# URL to use for avatars in outgoing system messages (i.e. death messages, player joins/quits, advancements and level up)
  system-avatar-url: null

  # Username to use for outgoing system messages
  system-username: "System"

    # Send player chat messages to MatterBridge
    enable: true

    # Send death messages to MatterBridge
    enable: true

    # Format for death messages sent to MatterBridge
    # Placeholders: %playername% (name of the player), %death-message% (the death message as shown to the player, i.e. "Playername was blown up by Creeper")
    format: "%death-message%"

    # Send advancement messages to MatterBridge
    enable: true

    # Format for advancement messages sent to MatterBridge
    # Placeholders: %playername% (name of the player), %advancement% (name of the advancement as defined in advancements.yml)
    format: "%playername% has made the advancement [%advancement%]"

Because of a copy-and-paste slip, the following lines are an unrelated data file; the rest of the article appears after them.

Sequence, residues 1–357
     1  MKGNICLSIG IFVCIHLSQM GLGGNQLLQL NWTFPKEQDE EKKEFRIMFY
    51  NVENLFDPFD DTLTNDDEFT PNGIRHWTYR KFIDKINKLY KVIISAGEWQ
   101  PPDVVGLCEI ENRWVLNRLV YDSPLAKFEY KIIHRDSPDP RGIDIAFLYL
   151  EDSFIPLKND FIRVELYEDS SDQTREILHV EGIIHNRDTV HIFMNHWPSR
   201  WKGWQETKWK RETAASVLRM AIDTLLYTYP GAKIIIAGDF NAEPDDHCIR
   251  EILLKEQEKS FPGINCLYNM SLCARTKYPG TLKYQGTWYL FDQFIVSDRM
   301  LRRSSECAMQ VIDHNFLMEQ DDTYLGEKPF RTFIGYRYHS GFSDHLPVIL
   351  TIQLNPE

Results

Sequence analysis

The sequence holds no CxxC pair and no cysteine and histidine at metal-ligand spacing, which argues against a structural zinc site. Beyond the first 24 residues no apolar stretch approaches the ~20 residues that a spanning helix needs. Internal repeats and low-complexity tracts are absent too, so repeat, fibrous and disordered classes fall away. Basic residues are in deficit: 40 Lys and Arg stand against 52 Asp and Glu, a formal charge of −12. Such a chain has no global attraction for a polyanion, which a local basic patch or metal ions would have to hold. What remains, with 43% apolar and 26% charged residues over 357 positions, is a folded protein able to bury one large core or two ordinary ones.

# Send level up messages to MatterBridge
    enable: true

    # Minimum level to reach before sending a level up message
    minimum-level: 0

    # Only send level up messages every n levels (i.e. "5" would send a message once the player reached level 5, 10, 15, etc.)
    modulus: 25

    # Format for level up messages sent to MatterBridge
    # Placeholders: %playername% (name of the player), %old-level% (the level the player was at before reaching the new level), %new-level% (the reached level)
    format: "%playername% reached level %new-level%"

    # Send join messages to MatterBridge (i.e. "Playername joined the server")
    enable: true

    # Send quit messages to MatterBridge (i.e. "Playername left the server")
    enable: true

You can see a lot of the config here, adjust it to your needs.

And that's it! Took me a few days to get set up, but now that it's done it's very very useful and I'm super happy with it, and hope that this can provide some help to anyone else looking to set things up. There's many easier ways to do this with things like Discord plugins, but if you just want something self-hosted and open source, this is a great setup.